Tihar(Dipawali) of 2080 starts on the 25th of Kartik (Kag Tihar) i.e. 11th of November and ends on the 29th of Kartik(Bhai Tika) i.e., the 15th of November. Tihar, also referred to as Deepawali or the Festival of Lights, is a significant Hindu celebration primarily observed in Nepal and certain regions of India. This vibrant festival spans five days, filled with colorful decorations, oil lamps (diyas), candles, and various cultural rituals.
Tihar centers around showing reverence to animals and natural elements, symbolizing prosperity, joy, and well-being. Through this festival, people express gratitude to the creatures that coexist with humans and contribute to their lives in various ways.
The first day, known as “Kaag Tihar” or “Crow Puja,” involves worshiping crows and offering them food as a gesture of respect.
On the second day, “Kukur Tihar” or “Dog Puja,” dogs, revered for their loyalty and faithfulness, are adorned with flower garlands, and vermilion, and treated with delicious treats.
The third day, “Laxmi Puja,” holds paramount importance, dedicated to worshiping Goddess Laxmi, the deity of wealth and prosperity. Homes and workplaces are beautifully decorated with vibrant rangoli patterns and illuminated with oil lamps to welcome the goddess.
The fourth day, “Goru Tihar” or “Cow Puja,” involves worshiping cows, symbolizing abundance and fertility, by applying tika on their foreheads and adorning them with garlands.
The final day, “Bhai Tika,” strengthens the bond between brothers and sisters. Sisters perform special rituals, offering tika, garlands, and heartfelt prayers for their brothers’ well-being and success.
Tihar is not only a time for religious devotion but also a celebration of community spirit and love. Traditional dances, folk songs, and lively processions add to the festive atmosphere.
Tihar radiates warmth, light, and joy, fostering a sense of togetherness and happiness among families and communities.
d. Chhat Parva 2080
Chhat Parva of 2080 lies on date Mangsir 3 i.e. November 19, 2023. It is also known as Chhath Puja, a revered Hindu festival celebrated with zeal in different parts of Nepal. Devotees honor the Sun God and Chhati Maiya over four days, performing rituals and fasting. They offer prayers and arghya (oblations) to the setting and rising sun.
Chhath Puja promotes environmental consciousness and cultural bonding, reflecting rich traditions and deep faith.
e. Maha Shivaratri 2080
Maha Shivaratri of 2080 lies on date Falgun 28 i.e. March 08, 2024. Shivaratri, an important Hindu festival, is widely celebrated in India and Nepal. It occurs on the 14th night of the lunar month, typically in February or March.
During Maha Shivaratri, devotees venerated Lord Shiva, a prominent deity in Hinduism, through fasting, prayers, and temple visits. Many stay awake all night, engaging in sacred hymns and religious activities.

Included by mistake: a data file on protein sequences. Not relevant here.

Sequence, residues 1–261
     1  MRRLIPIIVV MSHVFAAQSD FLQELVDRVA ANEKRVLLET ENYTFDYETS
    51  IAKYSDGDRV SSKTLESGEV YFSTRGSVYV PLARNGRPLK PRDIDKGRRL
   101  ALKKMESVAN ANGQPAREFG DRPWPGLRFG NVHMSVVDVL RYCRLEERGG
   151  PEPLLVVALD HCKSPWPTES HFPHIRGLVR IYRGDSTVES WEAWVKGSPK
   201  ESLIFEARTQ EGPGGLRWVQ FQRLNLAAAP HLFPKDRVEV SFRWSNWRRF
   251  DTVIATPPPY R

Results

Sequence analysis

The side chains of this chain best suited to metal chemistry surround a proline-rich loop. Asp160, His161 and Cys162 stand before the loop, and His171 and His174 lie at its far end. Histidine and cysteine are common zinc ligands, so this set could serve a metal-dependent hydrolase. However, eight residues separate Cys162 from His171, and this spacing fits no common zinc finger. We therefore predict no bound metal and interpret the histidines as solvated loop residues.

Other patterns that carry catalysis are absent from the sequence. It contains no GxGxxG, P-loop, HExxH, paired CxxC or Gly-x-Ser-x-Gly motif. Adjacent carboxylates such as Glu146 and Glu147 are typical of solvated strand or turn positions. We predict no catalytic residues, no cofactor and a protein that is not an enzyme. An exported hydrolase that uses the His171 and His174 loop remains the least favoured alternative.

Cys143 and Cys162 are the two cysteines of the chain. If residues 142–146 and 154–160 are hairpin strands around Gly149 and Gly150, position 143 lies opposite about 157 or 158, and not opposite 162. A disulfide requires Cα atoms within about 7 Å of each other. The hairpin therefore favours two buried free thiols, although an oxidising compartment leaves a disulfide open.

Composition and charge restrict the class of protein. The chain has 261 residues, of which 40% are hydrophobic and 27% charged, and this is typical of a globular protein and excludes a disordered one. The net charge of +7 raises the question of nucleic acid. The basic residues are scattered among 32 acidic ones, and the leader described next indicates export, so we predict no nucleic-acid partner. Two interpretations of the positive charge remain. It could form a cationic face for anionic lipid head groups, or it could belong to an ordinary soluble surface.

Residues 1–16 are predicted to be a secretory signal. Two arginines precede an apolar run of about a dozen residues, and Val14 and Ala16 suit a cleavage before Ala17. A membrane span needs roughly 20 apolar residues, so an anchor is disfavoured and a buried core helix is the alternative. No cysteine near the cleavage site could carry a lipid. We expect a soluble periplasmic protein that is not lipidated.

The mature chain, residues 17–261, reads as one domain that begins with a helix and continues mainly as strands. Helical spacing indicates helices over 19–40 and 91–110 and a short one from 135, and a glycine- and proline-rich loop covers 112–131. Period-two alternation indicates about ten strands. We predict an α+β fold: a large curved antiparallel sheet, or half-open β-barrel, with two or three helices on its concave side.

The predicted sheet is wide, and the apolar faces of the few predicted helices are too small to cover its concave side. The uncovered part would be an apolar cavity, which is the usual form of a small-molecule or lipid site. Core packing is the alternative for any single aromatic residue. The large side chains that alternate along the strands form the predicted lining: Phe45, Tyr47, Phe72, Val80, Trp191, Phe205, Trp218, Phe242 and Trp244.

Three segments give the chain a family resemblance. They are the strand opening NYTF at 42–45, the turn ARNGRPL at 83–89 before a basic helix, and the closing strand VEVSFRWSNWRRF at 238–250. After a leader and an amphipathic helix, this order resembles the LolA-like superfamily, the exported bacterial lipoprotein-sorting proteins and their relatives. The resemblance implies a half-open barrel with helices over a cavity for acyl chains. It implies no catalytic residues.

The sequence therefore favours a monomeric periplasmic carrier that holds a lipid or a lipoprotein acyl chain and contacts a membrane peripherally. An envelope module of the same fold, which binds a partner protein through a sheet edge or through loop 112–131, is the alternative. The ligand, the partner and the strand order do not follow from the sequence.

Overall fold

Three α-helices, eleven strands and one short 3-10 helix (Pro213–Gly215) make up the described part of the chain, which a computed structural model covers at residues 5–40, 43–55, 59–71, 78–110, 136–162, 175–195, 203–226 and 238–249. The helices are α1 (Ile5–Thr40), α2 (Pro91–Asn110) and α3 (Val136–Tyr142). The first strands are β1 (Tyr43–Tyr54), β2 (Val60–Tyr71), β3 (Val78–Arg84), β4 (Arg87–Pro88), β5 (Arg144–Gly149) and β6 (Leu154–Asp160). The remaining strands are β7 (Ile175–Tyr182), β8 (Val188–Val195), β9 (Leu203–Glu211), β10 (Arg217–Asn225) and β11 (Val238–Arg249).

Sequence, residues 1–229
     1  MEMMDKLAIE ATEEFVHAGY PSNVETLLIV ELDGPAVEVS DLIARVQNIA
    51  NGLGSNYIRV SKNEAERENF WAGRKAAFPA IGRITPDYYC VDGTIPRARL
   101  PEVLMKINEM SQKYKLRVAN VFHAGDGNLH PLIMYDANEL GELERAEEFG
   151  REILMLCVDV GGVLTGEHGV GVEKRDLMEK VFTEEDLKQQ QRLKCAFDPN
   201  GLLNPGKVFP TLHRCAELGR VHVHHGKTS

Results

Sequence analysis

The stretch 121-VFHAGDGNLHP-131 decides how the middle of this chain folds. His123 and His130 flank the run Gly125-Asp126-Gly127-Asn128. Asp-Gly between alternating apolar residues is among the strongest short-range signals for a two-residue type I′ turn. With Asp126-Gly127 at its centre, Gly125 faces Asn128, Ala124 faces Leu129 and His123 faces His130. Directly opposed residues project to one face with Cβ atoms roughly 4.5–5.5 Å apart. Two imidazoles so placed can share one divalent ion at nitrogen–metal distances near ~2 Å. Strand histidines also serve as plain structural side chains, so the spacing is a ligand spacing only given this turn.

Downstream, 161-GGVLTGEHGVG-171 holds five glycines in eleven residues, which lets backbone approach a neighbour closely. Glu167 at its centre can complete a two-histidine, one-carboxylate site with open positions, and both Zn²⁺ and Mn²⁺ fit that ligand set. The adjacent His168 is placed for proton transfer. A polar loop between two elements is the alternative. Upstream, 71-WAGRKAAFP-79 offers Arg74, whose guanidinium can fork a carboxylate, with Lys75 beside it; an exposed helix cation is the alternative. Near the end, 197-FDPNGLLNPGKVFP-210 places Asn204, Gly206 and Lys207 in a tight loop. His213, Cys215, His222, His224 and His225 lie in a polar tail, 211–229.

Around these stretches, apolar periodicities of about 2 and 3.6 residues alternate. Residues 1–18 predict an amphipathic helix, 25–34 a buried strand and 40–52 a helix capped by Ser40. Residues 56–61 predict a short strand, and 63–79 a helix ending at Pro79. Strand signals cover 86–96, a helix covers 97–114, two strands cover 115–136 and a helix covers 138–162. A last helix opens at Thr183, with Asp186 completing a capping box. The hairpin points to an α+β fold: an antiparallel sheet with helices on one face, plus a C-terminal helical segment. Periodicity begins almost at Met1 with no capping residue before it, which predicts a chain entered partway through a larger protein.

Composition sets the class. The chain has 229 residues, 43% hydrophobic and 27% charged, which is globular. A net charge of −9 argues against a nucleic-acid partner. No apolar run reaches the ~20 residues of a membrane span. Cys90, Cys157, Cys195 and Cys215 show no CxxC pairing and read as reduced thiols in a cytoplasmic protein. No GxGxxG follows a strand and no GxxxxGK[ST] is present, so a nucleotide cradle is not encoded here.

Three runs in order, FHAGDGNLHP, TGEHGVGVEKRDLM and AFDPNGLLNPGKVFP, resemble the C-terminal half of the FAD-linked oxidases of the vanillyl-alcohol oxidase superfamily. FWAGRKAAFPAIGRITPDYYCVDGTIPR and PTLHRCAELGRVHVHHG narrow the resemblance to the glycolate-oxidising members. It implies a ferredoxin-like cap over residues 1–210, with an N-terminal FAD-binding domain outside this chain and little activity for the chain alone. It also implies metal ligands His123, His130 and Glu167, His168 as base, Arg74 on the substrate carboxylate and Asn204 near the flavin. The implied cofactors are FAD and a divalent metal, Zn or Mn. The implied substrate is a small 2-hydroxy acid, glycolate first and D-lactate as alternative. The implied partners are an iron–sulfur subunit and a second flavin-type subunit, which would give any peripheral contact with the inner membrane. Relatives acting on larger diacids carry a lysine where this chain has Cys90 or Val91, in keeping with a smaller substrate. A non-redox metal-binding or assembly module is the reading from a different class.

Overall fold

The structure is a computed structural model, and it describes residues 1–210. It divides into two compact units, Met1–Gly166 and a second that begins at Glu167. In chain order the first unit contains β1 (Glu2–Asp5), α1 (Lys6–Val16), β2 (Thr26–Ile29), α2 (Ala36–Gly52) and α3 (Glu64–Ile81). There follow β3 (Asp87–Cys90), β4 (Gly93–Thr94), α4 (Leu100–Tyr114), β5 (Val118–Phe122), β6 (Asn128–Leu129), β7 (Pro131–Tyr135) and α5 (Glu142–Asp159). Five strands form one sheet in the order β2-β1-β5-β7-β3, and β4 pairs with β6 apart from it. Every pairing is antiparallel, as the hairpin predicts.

This festival carries profound spiritual significance, representing the triumph over darkness and ignorance, and awakening divine consciousness.
Similarly, Maha Shivaratri is a time for spiritual reflection and seeking blessings for inner transformation and liberation. It fosters unity and devotion to Lord Shiva, the auspicious destroyer and benevolent creator in Hindu mythology. Join in the celebration to experience the profound spiritual energies and cultural richness of Maha Shivaratri.
f. Holi 2080
Holi, the lively festival of colors, is celebrated with great enthusiasm in Nepal for 2 days. 2080 Holi lies on date Chaitra 11 and 12 i.e. March 24th and 25th, 2024. This vibrant event spans two days, starting with “Chhoti Holi” or “Holika Dahan,” where bonfires symbolize the triumph of good over evil. The main celebration, “Rangwali Holi,” takes place the next day, with people joyfully splashing colored powders and water on each other.
Nepal’s Holi traditions include seeking blessings from elders and exchanging tika as a sign of respect. The festival creates a kaleidoscope of colors in the streets, accompanied by music, dance, and traditional songs.
Besides its religious significance, Holi marks the arrival of spring, representing the renewal of life and nature’s vibrant hues after winter.
Holi in Nepal fosters unity and joy, bringing people from diverse backgrounds together in celebration. This colorful festival spreads happiness, love, and a sense of togetherness, making it an unforgettable experience for all. Join in the merriment of Holi in Nepal and embrace the spirit of harmony and camaraderie.